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Slow cooker question

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paper_bag_princess Jan 2, 2009 08:35 AM

Hello Everyone,

I received a Kitchen Aid 7 Qt. slow cooker for Christmas. There are only 2 of us in our household and while I do plan to cook some large roasts and batches of soup etc, will it be a problem to cook smaller meals in such a large slow cooker?

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    maggiej RE: paper_bag_princess Jan 2, 2009 10:17 AM

    It is important to make sure the slow cooker is at least 2/3 full.
    However, I have a big one and like to cook in larger batches so that leftovers can be frozen. We made a KILLER sunday ragu in it a few weeks ago.

    1. legourmettv RE: paper_bag_princess Jan 2, 2009 11:26 AM

      I have the same crockpot and the same problem... while I have been able to cook some meals in it, it's not ideal for two people. I will also cook a huge pot, and then freeze the rest, but again that's often less than ideal as well.
      That leaves this particular device on a shelf in the basement 99% of the time.

      It was a freebie from KA - I never would have bought something so huge; and if I had received it as a gift... I would have returned it for something smaller.

      G.

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        RGC1982 RE: paper_bag_princess Jan 2, 2009 03:28 PM

        The 2/3 full rule is important. I use a 5 quart for my family of three, so 7 quarts really is a big pot for you. I usually make pot roast, veal stew, corned beef (boiling in water, basically), in mine, and even with a load of veggies and sauce, the thing always has at least an inch on top to breathe. With a slow cooker, there really is no need to cook big batches and freeze. Since the meal can cook while you are out, you can have fresh food easily without worrying about defrosting. I'd change it if it is possible.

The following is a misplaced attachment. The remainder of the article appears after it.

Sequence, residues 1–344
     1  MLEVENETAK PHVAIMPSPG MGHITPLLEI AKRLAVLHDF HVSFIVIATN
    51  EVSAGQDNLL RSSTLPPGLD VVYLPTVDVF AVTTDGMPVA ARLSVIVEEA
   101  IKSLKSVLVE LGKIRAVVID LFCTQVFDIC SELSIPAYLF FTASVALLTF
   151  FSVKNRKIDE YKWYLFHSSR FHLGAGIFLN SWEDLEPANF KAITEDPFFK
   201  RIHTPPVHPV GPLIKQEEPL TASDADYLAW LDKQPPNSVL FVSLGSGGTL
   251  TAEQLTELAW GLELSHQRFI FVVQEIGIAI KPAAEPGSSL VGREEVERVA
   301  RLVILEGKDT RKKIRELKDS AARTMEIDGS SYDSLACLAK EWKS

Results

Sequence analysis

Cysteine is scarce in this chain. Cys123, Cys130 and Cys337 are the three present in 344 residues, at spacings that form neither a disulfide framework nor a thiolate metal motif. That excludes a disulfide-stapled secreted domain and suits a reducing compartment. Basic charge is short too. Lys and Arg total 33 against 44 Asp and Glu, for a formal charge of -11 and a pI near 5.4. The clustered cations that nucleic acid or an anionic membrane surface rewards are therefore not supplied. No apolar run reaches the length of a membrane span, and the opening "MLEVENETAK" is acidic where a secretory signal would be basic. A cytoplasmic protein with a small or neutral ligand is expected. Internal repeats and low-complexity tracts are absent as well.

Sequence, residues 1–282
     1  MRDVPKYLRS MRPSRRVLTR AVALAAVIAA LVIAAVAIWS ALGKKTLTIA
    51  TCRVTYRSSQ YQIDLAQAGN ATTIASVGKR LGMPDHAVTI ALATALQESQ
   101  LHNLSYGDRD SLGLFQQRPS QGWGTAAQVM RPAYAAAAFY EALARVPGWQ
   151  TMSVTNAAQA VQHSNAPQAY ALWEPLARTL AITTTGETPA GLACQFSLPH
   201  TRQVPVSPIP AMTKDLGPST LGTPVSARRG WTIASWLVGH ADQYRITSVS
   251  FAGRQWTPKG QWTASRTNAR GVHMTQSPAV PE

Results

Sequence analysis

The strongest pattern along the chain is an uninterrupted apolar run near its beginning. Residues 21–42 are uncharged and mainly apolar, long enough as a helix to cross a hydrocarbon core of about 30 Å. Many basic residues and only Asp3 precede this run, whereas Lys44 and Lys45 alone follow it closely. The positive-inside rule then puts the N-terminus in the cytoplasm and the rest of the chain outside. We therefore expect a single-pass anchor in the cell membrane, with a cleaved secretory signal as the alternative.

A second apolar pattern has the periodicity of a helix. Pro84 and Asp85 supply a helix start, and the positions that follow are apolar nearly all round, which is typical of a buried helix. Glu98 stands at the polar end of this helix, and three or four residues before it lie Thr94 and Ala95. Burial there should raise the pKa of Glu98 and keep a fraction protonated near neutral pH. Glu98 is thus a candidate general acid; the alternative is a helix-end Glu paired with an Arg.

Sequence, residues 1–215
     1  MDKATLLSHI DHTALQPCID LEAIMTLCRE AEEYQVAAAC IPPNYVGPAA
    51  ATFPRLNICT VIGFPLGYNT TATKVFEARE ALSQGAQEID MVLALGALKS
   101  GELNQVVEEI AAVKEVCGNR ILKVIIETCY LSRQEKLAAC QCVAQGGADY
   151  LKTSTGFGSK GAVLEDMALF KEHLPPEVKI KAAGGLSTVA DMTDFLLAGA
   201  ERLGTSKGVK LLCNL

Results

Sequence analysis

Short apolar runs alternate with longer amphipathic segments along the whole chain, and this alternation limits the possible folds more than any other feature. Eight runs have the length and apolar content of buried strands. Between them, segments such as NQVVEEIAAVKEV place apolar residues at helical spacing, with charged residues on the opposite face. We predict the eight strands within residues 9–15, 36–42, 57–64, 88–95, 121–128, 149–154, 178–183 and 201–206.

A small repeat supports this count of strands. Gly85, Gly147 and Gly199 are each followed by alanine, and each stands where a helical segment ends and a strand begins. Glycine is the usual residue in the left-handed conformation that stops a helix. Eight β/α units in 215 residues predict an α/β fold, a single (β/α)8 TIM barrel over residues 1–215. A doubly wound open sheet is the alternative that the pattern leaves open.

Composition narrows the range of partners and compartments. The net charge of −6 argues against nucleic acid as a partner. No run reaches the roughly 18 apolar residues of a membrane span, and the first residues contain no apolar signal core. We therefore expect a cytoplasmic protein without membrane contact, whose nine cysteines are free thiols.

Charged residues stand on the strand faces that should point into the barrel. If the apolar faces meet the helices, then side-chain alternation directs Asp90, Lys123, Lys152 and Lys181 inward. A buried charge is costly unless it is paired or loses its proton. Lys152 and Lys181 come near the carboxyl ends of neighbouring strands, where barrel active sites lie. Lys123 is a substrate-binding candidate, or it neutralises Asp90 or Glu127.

1. alanbarnes RE: paper_bag_princess Jan 2, 2009 03:52 PM

          Not only is the 7-quart cooker awfully large for two people, its crock is much heavier and more difficult to wash than one from a smaller unit (mine met its doom in the kitchen sink - soapy hands and heavy ceramics don't mix). If an exchange is an option, you'd really be better off with a 4- or 5-quart model.

          1. Channa RE: paper_bag_princess Jan 2, 2009 04:45 PM

            I wasn't sure a slow cooker would be useful, so I tried a 2-quart Rival from Wal-Mart for 5 bucks. No bells and whistles -- just High, Low, and Off. I love it! I cook for only two people, and it's rare that I want to make more than 2 quarts of anything.

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              Canthespam RE: paper_bag_princess Jan 2, 2009 05:32 PM

              There are only two of us, but I purchased two slow cookers an All-Clad and a much cheaper Hamilton Beach Stay or Go (one for home and one for our vacation house). I like them both and the only real difference in my opinion, is that the $$$ All-Clad shuts off automatically. I'm not sure, but both of them are 6 - 7 quarts.

              I deliberately bought the large pots as after all of the prep work and the cooking time, I want to have leftovers to freeze. By the time you add the meat, chicken etc.. veggies, liquid, the pot is always 2/3 full. Smaller meals can be cooked on the stove, dutch oven, or in the oven. Whenever I do any kind of slow cooking, I make them the night before, cool, and refrigerate. The flavor is always better the next day and it is easy to remove the fat.

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              1. re: Canthespam
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                paper_bag_princess RE: Canthespam Jan 4, 2009 11:11 AM

                Thanks everyone, I ended up taking back the Kitchen Aid and getting a 4 quart Cuisinart.

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